If the EFCC had charged JYY under Ss. 311 and 312 of the PCA, the Judge still would have had the latitude of discretion to sentence him as he did under Ss. 308 and 309, since the sections merely provide statutory maximum sentences, and not statutory minimum sentences, and without stipulating the quantum of the fine payable. But if the EFCC had done that, and the Judge still had returned a non-custodial sentence, the EFCC would have come out blameless.

The second question is why did the EFCC not charge JYY under the S. 14 of Money Laundering Prohibition Act of 2004, which, prescribes a punishment of “not less than 2 years and not more than 3 years” without an option of fine for money laundering? If this had been done, the EFCC would have been assured of a custodial sentence upon conviction. Was the EFCC of the view that JYY, who laundered his loot by banking several sums of money and building several houses in order to conceal his crime, could not be charged and convicted under the Act; or is the ejusdem generis shibboleth usually raised by defence attorneys regarding the construction of the phrase “illicit traffic in narcotic drugs or psychotropic substances” in S. 14, to challenge the applicability of S.14 to all forms of money laundering, the drawback which dissuaded the EFCC from charging under the Act?

The third question is why was the EFCC and not the ICPC the investigating and prosecuting authority? S.19 of the Corrupt Practices and Other related Offences Act provide that any public officer who uses his office or position to gratify or confer any corrupt or unfair advantage upon himself or any relation or associate of the public officer or any other public officer shall be guilty of an offence and shall on conviction be liable to imprisonment for 5 years, without an option of fine. S. 20 of the Act provides for forfeiture of the gratification and fine, in addition to the sentence of imprisonment. In the light of this third question, is it not appropriate at this juncture for all the anti corruption agencies-EFCC, ICPC, Police SFU, and CCB- to have an inter-agency co-ordination platform, under the auspices of the AGF, to ensure that the agency most suited to prefer a particular charge does so to achieve maximal custodial punishment possible under our criminal laws?

Short of prescribing the death penalty for cases of corruption involving these mind-boggling larceny, our anti corruption laws ( substantive and adjectival), including the relevant provisions of the criminal codes, penal codes and the criminal procedure laws, pursuant to which corruption cases are charged, ought to be reformed and harmonized. Penalties prescribed for corrupt practices, especially in the public sphere ought to be more stringent. Why, for example, should the punishment prescribed in the PCA not be aligned with that prescribed in the Criminal Code? Under S.383 of the Criminal Code Act, Cap C38, Vol. 4, LFN, 2004, the penalty for stealing is 3 years imprisonment. If the offender is a person employed in the public service and the thing stolen is the property of the State, or came into the possession of the offender by virtue of his employment, he is liable to imprisonment for 7 years.( S. 390{5}); There is no option of fine.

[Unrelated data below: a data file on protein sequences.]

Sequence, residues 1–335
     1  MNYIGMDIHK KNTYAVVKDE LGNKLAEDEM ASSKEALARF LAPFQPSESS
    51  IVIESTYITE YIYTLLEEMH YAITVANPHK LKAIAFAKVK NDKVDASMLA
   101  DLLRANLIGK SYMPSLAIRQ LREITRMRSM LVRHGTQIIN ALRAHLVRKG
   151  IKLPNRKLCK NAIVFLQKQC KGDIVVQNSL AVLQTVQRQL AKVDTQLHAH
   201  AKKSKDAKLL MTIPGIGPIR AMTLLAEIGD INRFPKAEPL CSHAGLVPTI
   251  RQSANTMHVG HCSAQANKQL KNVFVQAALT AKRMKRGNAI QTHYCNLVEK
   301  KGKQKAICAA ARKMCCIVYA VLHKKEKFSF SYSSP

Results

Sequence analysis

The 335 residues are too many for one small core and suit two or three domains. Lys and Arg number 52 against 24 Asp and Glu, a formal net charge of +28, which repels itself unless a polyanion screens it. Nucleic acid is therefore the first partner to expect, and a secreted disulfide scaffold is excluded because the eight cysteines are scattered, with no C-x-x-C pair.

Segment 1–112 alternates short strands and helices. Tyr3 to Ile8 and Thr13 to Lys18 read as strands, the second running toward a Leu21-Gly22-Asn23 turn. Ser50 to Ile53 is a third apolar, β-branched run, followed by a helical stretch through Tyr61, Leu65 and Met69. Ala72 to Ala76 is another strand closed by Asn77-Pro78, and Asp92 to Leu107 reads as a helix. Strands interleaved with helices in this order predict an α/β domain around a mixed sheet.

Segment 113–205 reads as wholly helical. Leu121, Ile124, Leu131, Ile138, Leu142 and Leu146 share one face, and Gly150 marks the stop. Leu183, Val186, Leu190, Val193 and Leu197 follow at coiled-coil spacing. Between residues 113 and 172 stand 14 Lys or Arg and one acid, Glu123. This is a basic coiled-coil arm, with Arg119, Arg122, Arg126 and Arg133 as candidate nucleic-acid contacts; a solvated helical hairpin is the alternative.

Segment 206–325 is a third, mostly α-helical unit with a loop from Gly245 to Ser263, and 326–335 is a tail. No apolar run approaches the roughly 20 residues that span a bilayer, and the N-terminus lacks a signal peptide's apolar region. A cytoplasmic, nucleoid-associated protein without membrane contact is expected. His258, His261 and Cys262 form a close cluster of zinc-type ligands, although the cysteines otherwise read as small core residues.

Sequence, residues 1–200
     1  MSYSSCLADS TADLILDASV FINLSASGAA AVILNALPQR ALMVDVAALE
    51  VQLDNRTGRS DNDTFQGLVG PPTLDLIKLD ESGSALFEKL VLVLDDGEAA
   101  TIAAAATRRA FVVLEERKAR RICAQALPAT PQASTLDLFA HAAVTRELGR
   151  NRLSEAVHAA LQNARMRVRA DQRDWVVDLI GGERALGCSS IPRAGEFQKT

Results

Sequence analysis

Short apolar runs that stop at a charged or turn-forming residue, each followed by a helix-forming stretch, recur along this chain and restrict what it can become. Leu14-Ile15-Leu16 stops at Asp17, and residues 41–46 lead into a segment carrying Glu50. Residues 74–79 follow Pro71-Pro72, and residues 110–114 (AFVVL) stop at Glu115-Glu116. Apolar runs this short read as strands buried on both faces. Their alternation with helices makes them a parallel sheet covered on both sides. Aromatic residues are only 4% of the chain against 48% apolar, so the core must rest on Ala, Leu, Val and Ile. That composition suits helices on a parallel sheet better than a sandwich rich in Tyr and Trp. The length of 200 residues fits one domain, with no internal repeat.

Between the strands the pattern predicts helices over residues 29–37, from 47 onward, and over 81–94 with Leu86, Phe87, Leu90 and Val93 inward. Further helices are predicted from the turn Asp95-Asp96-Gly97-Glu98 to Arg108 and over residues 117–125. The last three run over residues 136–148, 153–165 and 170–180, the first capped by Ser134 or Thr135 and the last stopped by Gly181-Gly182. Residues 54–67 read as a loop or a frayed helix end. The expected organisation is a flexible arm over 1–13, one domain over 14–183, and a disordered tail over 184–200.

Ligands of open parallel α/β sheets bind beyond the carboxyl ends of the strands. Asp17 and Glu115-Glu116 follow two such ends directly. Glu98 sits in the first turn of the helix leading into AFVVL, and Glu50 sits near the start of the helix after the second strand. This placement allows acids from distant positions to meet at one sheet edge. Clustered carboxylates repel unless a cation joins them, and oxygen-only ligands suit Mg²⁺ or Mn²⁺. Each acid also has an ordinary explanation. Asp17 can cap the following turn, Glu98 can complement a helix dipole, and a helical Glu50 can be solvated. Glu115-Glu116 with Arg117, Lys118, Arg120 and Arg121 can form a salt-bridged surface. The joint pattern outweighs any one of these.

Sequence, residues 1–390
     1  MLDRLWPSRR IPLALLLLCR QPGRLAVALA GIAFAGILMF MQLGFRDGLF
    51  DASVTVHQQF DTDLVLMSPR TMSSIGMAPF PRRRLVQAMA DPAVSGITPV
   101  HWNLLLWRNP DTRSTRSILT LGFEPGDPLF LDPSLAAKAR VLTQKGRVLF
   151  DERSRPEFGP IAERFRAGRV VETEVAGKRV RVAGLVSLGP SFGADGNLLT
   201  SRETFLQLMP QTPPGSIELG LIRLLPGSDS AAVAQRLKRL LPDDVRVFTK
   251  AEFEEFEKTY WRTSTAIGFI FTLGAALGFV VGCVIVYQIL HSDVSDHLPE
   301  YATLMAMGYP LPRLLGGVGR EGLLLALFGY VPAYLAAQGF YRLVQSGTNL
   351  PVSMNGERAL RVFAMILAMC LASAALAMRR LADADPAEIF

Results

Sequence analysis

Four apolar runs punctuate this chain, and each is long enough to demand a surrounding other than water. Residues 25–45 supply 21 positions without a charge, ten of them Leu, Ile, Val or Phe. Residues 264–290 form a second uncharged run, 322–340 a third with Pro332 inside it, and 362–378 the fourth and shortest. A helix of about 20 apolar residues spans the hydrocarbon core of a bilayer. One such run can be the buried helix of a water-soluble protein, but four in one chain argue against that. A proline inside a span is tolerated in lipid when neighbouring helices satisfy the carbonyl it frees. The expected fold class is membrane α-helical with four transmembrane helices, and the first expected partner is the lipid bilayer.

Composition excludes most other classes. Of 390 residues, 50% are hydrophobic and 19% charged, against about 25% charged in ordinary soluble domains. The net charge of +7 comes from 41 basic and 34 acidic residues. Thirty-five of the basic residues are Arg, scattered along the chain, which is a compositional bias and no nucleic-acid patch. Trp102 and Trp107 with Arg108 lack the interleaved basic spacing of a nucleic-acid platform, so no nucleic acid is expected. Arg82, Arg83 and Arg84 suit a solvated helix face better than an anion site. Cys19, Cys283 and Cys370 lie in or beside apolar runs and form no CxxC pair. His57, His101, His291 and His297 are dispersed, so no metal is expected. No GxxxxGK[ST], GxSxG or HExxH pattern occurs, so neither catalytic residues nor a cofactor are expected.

And to narrow or fetter the discretion of trial judges in cases where there are no statutory minimum penalties, a body of sentencing guidelines in anti corruption cases ought to be issued as a practice direction by the NJC or the Chief Judges of the Courts, as an interim measure, pending a comprehensive legislative intervention. While the stringency of criminal law is not, per se, a guarantee of its efficacy, we must realize that criminal laws are “like clocks, (which) must be occasionally cleansed and wound up, and set to true time” ( Henry Ward Beecher, 19th Century American Clergyman). If this is not done, Nigeria may reach a point when a judge may sentence a criminal defendant convicted of criminally appropriating billions of naira to one day imprisonment or to a fine of one naira.

In reaction to this sentence, the EFCC had expressed reservation about the outcome of the guilty-plea arrangement it had with the accused person, stating that under the plea bargain, a custodial sentence was agreed to. In addition, the EFCC has re-arrested JYY, and is set to arraign him on different set of charges. We decry this panicky and untidy strategy which may implicate the constitutional fair hearing right of JYY not to be subjected to “double jeopardy”. In a plea bargain process, even when the rules are yet to be fully developed in Nigeria, there is what is called specific sentence recommendation. Given the precedents that were recorded in previous cases in which ridiculous sentences were dished out by the trial Judges, the EFCC ought to have realized the danger of bargaining charges or procuring change of plea and then leaving the judge to sentence according to his whim. No. the plea agreement must be in writing, signed by the accused person, the defence counsel and the prosecutor; and filed and adopted in court, more or less like the terms of settlement in a civil suit. If the Judge goes outside it, in his verdict, without a good reason, a petition can be generated to the NJC and an appeal can be lodged to overturn the perverse sentence. Plea Bargain, which remains a veritable tool of resolving Nigeria’s criminal prosecution dilemma, is not the problem. The haphazard application of its principles and rules is the problem. And unless the EFCC puts up a better performance in the future, we may be condemned to living in a society where “laws grinds the poor and rich men rule the law (Oliver Goldsmith-18th Century English Writer).